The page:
Asvatthama, son of Drona: Mention of Asvatthama before Karna's son Vikarna, and others, as also the mention of Drona before Bhisma and others, was for pleasing Drona.

Saumadatti: King of Balhika (of Punjab), son of Somadatta; known also as Bhurisrava because of his preeminence. Jayadratha: (some editions read tathaivaca in place of jayadrathah) King of Sindu (modern Sindh). The first line of the verse ennumerates the four principal leaders; the second verse names those next in status.

The recension of the Gita that uses Jayadratha is the same recension that was commented on by Sankara, but there are recensions with the alternative wording. In his introduction to his translation, Swami Gambhirananda writes (pp xvii-xviii):

According to the recension of the Gita commented on by Sankaracarya, the number of verses is 700. But there is evidence to show that some old manuscripts had 745 verses. The Gita published in Srinagar, Kashmir, with the annotation of Abhinavaguptacarya, contains the same number of verses. Other manuscripts have been discovered with variations both in the number of verses and the readings. Pusalkar is of the opinion that 'the additional stanzas effect no material addition; nor do they create any differences in the teaching or argument.' (Studies in Epics and Puranas, p. 144.) He further remarks that "Sankaracarya's testimony for the text of the Bhagavadgita is earlier than that of any other MS or commentator.' (ibid. p 147.) However that may be, after Sankaracarya wrote his Commentary, the Gita has taken a definite form with 700 verses, so far at least as the general public is concerned.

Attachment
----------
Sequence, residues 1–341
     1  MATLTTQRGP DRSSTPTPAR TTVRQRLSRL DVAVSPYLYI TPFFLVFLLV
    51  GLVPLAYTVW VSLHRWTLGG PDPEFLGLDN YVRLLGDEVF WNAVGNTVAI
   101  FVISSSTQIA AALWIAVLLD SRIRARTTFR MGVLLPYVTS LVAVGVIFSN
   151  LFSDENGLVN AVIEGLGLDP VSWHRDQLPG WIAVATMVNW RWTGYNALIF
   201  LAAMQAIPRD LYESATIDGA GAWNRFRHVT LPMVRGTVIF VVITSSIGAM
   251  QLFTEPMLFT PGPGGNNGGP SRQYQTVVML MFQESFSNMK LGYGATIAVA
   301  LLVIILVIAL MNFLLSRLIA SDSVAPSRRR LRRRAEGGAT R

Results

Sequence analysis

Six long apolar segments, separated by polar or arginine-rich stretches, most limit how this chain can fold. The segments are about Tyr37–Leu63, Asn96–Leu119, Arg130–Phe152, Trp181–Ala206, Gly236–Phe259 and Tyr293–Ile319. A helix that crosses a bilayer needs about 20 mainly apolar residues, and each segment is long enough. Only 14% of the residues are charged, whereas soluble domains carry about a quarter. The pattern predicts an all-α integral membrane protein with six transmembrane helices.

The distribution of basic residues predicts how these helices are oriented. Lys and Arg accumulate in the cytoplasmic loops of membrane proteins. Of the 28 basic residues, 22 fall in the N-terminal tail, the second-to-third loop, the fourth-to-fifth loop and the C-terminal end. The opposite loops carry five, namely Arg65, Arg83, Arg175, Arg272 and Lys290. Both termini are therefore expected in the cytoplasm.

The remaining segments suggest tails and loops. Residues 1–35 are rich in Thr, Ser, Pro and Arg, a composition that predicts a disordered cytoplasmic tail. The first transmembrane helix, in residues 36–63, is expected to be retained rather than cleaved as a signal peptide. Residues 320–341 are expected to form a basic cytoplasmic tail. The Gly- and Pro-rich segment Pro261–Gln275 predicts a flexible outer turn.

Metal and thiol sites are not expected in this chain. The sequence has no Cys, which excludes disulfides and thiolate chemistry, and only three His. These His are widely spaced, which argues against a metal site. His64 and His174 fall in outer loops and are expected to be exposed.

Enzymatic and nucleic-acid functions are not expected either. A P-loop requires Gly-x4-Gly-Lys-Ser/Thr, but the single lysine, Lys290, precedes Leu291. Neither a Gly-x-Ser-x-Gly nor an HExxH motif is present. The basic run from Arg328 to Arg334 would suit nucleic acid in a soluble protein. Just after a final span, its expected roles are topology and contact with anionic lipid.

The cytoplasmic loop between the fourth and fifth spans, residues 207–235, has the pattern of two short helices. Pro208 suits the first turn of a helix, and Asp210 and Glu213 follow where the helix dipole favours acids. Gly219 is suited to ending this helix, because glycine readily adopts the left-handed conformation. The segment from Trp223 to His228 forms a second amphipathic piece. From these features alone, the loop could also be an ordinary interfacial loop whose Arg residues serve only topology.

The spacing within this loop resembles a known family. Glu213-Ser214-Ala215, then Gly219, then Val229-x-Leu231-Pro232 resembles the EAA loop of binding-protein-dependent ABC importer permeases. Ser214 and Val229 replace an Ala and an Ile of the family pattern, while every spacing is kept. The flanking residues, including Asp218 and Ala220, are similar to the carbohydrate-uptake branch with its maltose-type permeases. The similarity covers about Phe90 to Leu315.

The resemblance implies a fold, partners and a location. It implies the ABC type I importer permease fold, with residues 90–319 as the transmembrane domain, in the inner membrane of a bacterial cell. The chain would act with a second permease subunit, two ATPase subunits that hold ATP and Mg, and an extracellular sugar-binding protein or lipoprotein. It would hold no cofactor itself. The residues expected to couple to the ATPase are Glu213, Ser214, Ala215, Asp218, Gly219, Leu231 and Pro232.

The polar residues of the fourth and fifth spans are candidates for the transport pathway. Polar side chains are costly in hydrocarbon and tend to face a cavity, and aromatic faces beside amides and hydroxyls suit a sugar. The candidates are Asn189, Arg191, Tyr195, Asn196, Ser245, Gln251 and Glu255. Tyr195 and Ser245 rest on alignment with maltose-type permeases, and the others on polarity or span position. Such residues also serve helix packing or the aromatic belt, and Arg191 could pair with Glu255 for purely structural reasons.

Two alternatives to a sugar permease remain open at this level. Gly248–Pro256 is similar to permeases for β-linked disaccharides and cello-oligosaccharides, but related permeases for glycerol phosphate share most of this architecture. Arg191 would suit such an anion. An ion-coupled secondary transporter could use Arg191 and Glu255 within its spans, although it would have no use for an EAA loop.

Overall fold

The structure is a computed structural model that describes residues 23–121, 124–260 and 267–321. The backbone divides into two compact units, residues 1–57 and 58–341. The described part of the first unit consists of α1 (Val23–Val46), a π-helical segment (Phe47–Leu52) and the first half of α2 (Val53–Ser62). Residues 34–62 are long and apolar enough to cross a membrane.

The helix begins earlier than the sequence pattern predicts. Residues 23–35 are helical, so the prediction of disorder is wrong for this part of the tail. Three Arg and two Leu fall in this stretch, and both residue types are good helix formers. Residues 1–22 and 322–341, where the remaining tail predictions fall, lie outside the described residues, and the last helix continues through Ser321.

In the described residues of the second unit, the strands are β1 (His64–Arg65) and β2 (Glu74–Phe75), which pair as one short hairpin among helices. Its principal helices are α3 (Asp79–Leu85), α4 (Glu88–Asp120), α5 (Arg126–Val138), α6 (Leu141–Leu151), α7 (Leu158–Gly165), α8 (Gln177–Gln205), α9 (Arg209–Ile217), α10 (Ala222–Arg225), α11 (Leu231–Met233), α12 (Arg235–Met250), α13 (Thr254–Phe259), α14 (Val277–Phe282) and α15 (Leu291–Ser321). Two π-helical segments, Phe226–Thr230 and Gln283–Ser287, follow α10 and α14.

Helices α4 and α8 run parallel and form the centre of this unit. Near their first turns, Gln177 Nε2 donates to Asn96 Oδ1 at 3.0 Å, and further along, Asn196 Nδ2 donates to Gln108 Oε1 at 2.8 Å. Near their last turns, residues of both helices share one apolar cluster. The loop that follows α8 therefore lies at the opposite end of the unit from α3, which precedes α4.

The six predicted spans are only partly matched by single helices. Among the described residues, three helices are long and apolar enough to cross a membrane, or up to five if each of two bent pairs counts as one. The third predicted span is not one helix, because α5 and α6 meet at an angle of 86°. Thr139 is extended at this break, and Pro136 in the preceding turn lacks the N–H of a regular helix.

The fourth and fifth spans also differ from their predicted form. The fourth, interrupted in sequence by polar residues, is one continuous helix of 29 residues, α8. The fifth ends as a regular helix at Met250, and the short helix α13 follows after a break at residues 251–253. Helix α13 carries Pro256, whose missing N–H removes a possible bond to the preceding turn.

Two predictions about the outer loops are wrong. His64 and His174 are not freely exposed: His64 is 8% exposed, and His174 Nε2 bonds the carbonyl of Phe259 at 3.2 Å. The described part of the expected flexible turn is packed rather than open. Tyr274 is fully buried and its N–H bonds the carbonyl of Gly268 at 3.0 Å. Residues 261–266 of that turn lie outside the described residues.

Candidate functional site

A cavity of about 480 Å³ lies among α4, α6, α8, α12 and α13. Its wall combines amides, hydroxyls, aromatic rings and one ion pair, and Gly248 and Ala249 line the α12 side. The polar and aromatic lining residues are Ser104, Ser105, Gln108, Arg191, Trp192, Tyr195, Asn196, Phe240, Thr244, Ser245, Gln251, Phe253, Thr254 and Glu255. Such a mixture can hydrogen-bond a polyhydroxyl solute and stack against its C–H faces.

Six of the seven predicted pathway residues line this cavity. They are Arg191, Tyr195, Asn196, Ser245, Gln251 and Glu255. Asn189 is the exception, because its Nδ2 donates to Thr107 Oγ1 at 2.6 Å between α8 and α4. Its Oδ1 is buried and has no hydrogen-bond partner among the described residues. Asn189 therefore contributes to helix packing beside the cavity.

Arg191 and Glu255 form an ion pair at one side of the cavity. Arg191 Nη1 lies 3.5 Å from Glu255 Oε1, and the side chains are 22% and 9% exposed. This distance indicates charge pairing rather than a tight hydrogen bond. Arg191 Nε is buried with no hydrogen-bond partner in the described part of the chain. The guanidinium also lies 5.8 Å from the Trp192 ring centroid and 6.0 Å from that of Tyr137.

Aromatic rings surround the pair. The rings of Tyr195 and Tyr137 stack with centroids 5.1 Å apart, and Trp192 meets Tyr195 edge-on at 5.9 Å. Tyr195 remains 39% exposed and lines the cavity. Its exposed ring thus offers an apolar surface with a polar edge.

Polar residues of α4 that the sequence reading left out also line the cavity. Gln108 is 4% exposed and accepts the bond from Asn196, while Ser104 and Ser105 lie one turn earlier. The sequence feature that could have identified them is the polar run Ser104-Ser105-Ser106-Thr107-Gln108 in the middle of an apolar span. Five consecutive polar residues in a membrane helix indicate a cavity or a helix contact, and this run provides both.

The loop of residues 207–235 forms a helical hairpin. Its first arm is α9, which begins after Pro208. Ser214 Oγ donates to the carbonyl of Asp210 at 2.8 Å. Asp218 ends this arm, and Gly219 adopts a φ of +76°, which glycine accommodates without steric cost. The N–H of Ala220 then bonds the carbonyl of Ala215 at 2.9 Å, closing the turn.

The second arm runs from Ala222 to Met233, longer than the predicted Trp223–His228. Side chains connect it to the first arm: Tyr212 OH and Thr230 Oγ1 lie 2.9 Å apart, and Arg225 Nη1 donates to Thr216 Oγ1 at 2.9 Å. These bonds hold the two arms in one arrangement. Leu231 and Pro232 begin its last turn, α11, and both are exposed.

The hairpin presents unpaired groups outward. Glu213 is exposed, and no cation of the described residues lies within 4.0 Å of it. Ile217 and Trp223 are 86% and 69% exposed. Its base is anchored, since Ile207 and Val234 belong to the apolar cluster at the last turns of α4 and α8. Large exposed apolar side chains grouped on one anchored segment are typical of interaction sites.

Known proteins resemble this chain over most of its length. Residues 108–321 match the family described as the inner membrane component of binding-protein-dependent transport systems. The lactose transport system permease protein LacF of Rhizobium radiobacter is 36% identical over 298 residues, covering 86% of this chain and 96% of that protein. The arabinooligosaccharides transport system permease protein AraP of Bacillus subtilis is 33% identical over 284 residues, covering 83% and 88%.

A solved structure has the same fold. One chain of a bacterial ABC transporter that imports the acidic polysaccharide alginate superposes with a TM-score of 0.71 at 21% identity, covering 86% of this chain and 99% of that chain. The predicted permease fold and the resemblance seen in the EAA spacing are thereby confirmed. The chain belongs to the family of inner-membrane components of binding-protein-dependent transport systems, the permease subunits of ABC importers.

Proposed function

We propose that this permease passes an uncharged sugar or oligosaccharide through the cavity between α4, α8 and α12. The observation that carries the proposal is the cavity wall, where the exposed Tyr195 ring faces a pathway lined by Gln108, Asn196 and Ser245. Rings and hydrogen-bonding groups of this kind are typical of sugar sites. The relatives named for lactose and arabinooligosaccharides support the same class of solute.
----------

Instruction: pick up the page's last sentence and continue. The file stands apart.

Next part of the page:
• Thank you! So is it various commentators took different recensions of the Gita(Mahabharatha) for commenting? I also heard bagavath gita had 701 verses, did'nt really heard of 745 verses Gita before and Is it possible to get/read those too? – Vishu Jan 27 '16 at 11:47